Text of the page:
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Myth in the Making

One of my favourite films out of Latin American is Walter Salles’s Motorcycle Diaries. Having travelled much of the same route that Ernesto “Che” Guevara took back in 1952, the film has special meaning for me. The places and people in the film are very real, and Salles didn’t have to do much to recreate the look of half a century ago.

I reviewed the film in September 2004 for the Times Literary Supplement. Here’s an excerpt from the article:

Biopics are often unwieldy films, swinging from hyperbole to mawkishness and back.

The best ones tends to focus on a particular time in their famous subject’s life – a time that encapsulates both the mythology and the humanity of the person. Walter Salles’s new film The Motorcycle Diaries does this for Ernesto “Che” Guevara, taking its title from Guevara’s own travel memoir, and recreating his transformation from restless adventurer with vague notions of social justice to man of revolutionary conviction. In December 1951, two young Argentines, Alberto Granado and Ernesto Guevara Lynch -one a biochemist, the other a twenty-three-year-old medical student -set off on an eight-month journey across Latin America on a rickety 1939 Norton motorbike. The bike made it, just, across the Andes into Chile before quitting on them half way to Santiago. From there, the two men carried on via boat, plane, train, truck, and by foot, across Chile’s Atacama desert, over Peru’s snow-capped mountains to Cuzco and Machu Picchu, through Lima’s sprawl, and down the Amazon to Colombia, then Venezuela.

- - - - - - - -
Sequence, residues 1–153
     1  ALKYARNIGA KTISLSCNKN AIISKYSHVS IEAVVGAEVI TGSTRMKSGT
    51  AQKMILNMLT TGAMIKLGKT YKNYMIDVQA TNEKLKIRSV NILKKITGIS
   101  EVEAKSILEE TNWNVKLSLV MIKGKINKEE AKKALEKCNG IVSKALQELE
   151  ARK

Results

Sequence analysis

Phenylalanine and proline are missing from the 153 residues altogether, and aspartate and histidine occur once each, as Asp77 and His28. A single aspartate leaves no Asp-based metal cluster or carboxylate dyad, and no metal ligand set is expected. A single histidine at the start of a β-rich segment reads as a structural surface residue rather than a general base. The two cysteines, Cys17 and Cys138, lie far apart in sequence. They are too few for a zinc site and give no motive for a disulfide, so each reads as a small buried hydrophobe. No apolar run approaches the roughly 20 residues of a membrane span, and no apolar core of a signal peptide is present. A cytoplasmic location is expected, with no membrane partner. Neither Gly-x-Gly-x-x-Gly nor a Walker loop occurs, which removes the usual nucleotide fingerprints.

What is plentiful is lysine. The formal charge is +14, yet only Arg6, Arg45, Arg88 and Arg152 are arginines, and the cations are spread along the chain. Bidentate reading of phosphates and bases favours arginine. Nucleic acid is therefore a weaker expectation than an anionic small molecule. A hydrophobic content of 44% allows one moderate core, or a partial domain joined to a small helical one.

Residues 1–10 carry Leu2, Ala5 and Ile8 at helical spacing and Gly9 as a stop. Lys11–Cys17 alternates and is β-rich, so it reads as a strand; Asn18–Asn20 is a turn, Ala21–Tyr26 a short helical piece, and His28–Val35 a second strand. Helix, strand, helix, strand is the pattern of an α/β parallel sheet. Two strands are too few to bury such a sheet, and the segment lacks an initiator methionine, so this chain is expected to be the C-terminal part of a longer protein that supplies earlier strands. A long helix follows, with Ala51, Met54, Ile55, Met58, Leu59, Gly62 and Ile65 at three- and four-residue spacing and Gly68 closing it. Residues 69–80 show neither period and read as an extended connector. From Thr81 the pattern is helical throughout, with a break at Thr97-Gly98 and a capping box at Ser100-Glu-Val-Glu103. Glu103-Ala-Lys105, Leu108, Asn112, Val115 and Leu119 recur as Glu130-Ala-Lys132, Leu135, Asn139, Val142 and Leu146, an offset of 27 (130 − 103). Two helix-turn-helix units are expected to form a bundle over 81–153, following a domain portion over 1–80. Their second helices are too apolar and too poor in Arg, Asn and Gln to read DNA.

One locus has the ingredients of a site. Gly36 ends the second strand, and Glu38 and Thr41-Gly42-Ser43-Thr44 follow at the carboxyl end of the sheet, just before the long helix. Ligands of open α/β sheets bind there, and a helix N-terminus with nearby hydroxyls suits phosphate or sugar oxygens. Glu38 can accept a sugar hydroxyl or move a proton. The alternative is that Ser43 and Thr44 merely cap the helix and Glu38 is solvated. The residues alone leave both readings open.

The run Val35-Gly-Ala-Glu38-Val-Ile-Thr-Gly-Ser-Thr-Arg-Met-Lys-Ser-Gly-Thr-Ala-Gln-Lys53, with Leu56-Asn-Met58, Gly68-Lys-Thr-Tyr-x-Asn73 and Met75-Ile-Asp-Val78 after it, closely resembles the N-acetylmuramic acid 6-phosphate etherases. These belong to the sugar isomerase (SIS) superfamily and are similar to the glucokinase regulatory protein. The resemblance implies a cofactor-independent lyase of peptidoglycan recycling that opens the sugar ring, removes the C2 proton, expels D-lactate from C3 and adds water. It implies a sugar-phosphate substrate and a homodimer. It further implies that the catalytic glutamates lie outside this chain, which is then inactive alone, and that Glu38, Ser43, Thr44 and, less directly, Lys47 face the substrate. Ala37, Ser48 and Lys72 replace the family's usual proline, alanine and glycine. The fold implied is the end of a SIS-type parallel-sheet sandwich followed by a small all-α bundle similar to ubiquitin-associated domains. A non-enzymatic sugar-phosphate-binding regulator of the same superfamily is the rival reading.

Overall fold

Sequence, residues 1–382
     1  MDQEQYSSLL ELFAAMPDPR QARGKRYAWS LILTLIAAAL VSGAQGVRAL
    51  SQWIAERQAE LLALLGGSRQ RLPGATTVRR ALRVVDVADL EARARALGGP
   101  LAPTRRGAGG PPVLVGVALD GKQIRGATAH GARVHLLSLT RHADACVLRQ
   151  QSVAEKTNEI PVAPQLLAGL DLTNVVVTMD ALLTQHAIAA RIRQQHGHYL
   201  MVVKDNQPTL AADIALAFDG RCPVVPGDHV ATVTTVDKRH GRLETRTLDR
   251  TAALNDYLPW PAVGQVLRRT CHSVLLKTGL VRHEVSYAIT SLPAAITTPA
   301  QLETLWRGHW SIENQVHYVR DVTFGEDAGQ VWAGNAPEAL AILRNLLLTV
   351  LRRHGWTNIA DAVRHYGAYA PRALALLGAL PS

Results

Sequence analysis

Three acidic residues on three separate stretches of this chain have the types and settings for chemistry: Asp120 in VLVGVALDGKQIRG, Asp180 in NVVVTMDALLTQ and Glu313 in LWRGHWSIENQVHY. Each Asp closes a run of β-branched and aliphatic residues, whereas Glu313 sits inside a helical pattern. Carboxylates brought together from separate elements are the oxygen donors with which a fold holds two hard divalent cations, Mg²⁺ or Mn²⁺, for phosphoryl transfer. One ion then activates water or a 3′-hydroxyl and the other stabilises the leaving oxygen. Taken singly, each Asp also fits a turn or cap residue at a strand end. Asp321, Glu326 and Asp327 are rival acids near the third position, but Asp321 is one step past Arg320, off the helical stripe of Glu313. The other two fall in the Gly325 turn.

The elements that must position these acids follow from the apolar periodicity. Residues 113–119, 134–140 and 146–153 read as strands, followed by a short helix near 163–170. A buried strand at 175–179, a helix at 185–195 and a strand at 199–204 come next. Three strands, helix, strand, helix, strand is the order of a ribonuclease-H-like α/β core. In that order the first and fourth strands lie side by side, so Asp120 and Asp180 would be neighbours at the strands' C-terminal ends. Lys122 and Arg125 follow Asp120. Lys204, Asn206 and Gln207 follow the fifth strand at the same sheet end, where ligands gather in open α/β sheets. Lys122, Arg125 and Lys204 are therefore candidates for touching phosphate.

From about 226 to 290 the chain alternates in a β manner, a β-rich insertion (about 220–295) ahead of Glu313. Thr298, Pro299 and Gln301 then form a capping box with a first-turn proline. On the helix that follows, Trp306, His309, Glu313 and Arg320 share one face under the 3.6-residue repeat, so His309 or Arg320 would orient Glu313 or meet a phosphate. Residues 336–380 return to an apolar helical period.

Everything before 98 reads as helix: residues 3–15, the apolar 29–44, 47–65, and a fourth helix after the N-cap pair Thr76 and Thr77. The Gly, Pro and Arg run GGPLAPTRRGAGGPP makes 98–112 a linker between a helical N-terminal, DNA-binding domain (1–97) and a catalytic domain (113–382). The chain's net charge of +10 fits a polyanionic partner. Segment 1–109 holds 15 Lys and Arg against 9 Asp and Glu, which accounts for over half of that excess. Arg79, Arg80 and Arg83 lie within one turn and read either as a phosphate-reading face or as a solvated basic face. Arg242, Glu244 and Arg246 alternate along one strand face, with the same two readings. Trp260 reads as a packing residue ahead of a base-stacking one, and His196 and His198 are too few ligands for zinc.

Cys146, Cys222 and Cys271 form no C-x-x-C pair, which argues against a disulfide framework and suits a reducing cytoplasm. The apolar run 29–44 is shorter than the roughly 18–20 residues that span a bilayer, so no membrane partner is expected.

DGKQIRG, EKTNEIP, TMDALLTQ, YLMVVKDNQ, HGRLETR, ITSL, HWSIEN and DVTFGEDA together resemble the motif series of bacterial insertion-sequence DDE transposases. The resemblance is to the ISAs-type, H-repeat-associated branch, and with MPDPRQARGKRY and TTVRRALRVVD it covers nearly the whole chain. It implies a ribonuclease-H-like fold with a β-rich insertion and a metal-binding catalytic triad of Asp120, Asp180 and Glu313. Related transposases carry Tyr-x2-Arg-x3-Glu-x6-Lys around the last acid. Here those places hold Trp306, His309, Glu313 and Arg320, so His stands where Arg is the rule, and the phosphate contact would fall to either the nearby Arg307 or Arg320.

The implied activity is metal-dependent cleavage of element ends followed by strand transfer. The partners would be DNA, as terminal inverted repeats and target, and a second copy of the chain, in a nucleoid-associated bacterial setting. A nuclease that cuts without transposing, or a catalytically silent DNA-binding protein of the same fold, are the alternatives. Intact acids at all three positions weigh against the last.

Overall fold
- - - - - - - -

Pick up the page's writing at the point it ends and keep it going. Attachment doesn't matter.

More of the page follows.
Salles is aware of the ecology of Guevara’s journey: that the territory through which the young men travel defines their drama as much as Guevara’s testimony.

You can read the full article here.

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